This is the second week of Biblical Women’s History, where I will be featuring women from the Bible that may not be well known, or highlighted often, to see how they made an eternal impact in the Kingdom.
What happens when a woman steps in? Throughout scripture, we see several women who influenced the lives of men—leaders God had chosen and put in place to lead and protect families, groups, and nations—both negatively and positively. While some turned these men’s hearts away from God and away from His instructions (Eve, Delilah, and Sarah to name a few), there were others who helped these leaders to uphold God’s commands, as well as restore their relationship with God. One such woman is who we are talking about today.
The first time we learn about Zipporah is in Exodus 2:21. However, let’s backtrack a bit to see how she was amongst one of 5 women who were instrumental in literally saving Moses’ life. Moses had a hit out on his life even before he entered the world, as he was born in a time and place when infanticide was the law. In previous posts on Biblical women’s history, I shared how Shiphrah and Puah, Hebrew midwives, and Jochebed, the mother of Moses were women who were used by God to be instrumental in the perseveration of his life in fulfilling his purpose of rescuing the children of Israel out of Egypt. At the beginning of Moses’ story, we also see that his sister Miriam, as well as Pharoah’s daughter, played a part in helping to keep him alive. He eventually made it to his adult years, and then one decision, which almost cost him his life again, led him to flee into the land of Midian.
Enter Zipporah. It was Moses who was instrumental in saving the life of this young daughter of Reul, along with her other 6 sisters. Reul, whose name means “friend of God”, was grateful that this “Egyptian man” (who was really a Hebrew), had rescued his daughters. He insisted they invite Moses back to the house to eat with them. He eventually gives his daughter, whose name means “bird” to Moses as his wife. In these next few verses, we see Zipporah transition from daughter to wife to mother of Gershom, and eventually Eliezer.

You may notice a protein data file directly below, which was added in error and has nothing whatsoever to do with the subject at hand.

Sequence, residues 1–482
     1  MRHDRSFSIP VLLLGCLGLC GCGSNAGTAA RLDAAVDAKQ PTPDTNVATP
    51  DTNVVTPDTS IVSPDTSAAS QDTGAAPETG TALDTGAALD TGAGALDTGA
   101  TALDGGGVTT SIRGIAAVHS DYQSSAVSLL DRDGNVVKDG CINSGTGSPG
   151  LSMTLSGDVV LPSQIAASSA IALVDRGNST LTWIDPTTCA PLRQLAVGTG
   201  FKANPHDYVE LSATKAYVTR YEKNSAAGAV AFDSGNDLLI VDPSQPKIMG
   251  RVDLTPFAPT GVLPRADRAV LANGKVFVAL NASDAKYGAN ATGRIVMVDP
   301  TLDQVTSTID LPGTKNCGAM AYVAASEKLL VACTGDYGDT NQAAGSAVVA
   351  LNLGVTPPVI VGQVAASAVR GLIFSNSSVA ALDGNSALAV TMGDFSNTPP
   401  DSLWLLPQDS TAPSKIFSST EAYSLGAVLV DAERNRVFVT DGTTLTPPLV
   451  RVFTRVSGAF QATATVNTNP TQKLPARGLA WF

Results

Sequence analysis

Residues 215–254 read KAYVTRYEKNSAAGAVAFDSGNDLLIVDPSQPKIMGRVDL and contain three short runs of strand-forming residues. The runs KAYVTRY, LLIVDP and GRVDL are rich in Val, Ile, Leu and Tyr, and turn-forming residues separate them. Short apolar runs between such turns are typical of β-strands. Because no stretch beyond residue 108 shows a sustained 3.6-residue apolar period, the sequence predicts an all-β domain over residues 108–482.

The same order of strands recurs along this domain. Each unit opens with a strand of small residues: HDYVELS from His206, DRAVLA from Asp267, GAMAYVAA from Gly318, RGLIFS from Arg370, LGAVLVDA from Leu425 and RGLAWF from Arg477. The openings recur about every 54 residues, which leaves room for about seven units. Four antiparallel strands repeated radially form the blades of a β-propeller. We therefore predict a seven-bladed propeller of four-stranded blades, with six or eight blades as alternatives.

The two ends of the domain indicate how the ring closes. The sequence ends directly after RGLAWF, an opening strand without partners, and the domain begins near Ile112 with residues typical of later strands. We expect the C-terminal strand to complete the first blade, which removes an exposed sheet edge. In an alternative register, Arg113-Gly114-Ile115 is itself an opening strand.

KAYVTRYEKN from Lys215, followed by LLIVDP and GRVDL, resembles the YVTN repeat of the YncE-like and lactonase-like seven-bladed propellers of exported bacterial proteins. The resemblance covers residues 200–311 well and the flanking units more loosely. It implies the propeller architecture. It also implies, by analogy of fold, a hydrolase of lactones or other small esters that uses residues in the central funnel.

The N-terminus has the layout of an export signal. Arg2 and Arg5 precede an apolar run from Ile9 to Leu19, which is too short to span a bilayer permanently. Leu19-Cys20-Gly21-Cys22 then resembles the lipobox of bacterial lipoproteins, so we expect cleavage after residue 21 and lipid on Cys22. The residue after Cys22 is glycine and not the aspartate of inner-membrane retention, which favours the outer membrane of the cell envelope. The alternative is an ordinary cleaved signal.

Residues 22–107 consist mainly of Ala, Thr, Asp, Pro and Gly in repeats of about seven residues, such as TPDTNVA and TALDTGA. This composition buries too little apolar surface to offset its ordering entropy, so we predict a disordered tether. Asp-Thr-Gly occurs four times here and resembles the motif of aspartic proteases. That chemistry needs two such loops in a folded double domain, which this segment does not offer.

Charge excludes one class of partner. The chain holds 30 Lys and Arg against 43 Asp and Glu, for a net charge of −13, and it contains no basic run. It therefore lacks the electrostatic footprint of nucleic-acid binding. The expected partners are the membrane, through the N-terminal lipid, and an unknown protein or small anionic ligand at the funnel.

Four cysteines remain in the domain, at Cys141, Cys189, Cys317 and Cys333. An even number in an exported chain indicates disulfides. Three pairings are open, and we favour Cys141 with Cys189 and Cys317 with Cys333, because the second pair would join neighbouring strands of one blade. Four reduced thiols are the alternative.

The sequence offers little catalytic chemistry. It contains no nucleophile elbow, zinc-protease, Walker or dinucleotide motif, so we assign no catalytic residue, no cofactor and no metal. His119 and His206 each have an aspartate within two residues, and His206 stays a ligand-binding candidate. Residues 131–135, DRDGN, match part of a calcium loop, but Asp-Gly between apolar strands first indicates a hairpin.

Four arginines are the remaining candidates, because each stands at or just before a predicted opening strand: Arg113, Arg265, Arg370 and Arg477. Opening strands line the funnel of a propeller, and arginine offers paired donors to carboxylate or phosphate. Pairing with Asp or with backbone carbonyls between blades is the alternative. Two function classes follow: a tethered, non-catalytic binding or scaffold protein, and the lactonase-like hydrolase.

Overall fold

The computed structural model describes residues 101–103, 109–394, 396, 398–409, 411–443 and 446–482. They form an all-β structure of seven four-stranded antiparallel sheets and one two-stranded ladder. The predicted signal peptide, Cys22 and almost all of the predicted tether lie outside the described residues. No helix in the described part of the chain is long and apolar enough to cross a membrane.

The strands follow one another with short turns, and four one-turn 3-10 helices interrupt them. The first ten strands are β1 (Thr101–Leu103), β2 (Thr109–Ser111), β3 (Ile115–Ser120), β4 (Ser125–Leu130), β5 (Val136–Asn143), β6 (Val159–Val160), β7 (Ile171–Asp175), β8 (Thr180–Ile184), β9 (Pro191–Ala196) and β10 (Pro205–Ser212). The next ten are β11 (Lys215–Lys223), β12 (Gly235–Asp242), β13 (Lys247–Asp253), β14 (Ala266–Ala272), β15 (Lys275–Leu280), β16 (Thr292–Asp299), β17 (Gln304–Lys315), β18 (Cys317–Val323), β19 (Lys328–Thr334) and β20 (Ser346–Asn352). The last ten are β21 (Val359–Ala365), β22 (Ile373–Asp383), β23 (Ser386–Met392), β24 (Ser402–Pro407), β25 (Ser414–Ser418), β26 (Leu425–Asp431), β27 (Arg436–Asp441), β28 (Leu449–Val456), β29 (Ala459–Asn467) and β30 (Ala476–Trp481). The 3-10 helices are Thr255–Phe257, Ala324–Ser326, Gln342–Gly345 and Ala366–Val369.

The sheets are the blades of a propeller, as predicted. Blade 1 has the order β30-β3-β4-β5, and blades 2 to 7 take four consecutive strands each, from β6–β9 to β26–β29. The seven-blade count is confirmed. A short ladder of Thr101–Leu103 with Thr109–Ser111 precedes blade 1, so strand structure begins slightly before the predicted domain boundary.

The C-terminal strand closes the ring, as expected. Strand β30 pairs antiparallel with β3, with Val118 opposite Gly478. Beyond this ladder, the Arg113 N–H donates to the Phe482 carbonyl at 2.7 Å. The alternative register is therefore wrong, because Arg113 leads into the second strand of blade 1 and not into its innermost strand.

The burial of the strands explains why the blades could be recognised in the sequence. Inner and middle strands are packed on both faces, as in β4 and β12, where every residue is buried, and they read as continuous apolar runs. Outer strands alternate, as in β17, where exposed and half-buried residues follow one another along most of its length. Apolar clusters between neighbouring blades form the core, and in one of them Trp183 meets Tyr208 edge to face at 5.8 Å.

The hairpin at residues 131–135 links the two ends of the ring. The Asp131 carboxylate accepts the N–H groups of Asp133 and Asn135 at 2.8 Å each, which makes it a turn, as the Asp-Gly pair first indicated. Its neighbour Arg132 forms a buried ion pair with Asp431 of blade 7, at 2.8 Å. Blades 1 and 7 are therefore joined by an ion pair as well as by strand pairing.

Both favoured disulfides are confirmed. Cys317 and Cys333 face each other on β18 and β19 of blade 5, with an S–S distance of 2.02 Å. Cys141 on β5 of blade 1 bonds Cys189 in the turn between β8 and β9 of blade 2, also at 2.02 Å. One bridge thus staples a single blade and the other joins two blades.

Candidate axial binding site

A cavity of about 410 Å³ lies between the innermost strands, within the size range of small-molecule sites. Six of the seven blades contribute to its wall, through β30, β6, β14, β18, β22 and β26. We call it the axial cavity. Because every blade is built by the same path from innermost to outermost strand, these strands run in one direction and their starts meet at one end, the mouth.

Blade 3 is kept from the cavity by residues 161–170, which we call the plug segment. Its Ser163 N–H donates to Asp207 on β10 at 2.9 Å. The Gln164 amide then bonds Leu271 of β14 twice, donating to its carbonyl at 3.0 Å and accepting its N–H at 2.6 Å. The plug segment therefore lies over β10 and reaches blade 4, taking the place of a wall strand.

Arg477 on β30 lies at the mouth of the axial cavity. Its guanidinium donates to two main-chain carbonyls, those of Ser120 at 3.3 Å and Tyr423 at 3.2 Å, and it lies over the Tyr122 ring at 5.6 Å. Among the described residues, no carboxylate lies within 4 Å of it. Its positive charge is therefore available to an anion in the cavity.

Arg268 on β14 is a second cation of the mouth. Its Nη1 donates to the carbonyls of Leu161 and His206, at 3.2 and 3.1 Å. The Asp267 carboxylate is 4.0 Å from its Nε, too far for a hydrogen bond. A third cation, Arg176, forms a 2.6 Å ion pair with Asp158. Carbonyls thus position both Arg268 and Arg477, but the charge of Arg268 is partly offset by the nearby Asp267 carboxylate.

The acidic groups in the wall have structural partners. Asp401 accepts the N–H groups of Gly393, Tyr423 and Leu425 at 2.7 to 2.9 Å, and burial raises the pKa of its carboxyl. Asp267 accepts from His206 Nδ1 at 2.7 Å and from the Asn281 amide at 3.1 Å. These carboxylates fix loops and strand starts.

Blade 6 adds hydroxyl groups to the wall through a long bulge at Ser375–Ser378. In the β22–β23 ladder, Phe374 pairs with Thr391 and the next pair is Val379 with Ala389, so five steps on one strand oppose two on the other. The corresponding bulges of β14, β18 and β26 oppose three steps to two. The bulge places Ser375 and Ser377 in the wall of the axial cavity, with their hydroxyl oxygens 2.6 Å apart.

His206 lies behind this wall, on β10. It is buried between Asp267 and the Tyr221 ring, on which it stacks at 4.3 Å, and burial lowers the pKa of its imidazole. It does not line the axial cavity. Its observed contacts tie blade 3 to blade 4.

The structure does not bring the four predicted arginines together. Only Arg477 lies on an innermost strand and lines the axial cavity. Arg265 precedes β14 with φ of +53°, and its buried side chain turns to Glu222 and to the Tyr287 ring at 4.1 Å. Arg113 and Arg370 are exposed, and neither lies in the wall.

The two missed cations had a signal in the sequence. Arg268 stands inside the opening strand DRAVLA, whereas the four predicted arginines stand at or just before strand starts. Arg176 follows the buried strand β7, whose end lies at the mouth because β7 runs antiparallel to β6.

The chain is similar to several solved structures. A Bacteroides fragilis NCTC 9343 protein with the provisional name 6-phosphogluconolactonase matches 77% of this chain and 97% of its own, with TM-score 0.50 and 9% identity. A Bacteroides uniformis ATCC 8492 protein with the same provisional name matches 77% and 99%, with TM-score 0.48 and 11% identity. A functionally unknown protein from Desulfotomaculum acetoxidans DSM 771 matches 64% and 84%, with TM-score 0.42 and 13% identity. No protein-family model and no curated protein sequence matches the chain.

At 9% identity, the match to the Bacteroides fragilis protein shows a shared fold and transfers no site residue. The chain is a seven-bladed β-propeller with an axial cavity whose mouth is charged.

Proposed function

We don’t hear about Zipporah again until after Moses has now had an encounter with the Lord and is given a huge assignment (his purpose)–to be the one to lead God’s people out of Egypt. After he shares this news with his father-in-law (also known as Jethro and Hobab), who gives Moses his blessing, Moses takes his wife and sons back to Egypt. On the journey there, it is God, not another person or the law, that confronts Moses and is about to take Moses’ life…that is until Zipporah steps in.
Zipporah, a Midianinte woman, who is from the lineage of Esau because her father was Esau’s son, is well aware of God’s instruction for all Israelites in Genesis 17:9-14 as it relates to circumcision. Moses, as well as all male Israelites had the responsibility to obey the terms of their covenant with God:
Each male among you must be circumcised. You must cut off the flesh of your foreskin as a sign of the covenant between Me and you. From generation to generation, every male child must be circumcised on the eighth day after his birth. This applies not only to members of your family but also to the servants born in your household and the foreign-born servants whom you have purchased. All must be circumcised. Your bodies will bear the mark of My everlasting covenant. Any male who fails to be circumcised will be cut off from the covenant family for breaking the covenant.” (Genesis 17:10-14, NLT)